In a move which has prompted the technology world to say "blimey", Adobe announced last week that it will no longer produce boxed versions of its Creative Suite, which comprises such industry standards as Photoshop, InDesign and Illustrator. Instead, its customers are being ushered hastily towards the online equivalent, Creative Cloud, a software-as-service "solution" which you can use for as long as you pay a monthly subscription fee.
"We believe," said Adobe hopefully, "that Creative Cloud will have a larger impact on the creative world than anything else we've done in the last three decades."
Well, it's certainly made people cross. The jury's out on whether Adobe customers will be better or worse off. If you're the kind of person who regularly uses the entire Master Suite of Adobe products (over £2,600 new) and buys every upgrade when it's released, Creative Cloud's £33 a month charge represents a steal.
But if you're an occasional user of Photoshop and Illustrator and tend to skip every other upgrade, you're going to be out of pocket. Any spiffy new features will only be available in the Creative Cloud versions, so Adobe is hoping to lure in new users and lock them in to a subscription plan.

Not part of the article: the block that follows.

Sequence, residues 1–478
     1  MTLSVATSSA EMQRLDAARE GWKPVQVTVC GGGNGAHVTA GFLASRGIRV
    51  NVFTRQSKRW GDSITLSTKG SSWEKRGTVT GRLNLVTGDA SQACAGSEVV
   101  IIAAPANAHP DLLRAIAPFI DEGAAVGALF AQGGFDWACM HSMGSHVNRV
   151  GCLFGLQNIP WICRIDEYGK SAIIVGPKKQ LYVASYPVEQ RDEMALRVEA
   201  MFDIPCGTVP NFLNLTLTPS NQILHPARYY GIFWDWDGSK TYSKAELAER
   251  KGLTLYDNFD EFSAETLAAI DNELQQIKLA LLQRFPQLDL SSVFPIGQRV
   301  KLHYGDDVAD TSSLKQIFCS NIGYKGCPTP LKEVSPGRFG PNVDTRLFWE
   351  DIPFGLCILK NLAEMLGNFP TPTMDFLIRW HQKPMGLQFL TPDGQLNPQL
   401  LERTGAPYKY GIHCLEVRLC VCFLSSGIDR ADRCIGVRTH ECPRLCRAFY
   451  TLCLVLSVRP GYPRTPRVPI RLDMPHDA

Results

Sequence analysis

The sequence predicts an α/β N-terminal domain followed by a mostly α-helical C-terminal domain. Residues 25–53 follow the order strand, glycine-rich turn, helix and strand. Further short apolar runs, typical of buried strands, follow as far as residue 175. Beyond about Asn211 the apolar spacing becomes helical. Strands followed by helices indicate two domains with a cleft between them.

Microsoft, who have a similar cloud offering – the £65 per year Office 365 – has hinted Adobe's move may be overly bold and somewhat premature. But you can see why Adobe has done it.
Despite increasingly stringent anti-piracy measures, Creative Suite is widely cracked. Creative Cloud gives control back to Adobe, who in turn hope that pirates will convert to paying users. But it's risky.
People may instead make the leap from Adobe to cheaper alternatives: from Illustrator to iDraw, from InDesign to Swift Publisher, or from Photoshop to GIMP (the GNU Image Manipulation Program). Yes, compared to Photoshop, GIMP looks and feels like an inferior prototype. But, crucially, it'll never ask you to sign up for a direct debit.
In this week's Cyber Culture:Reuse content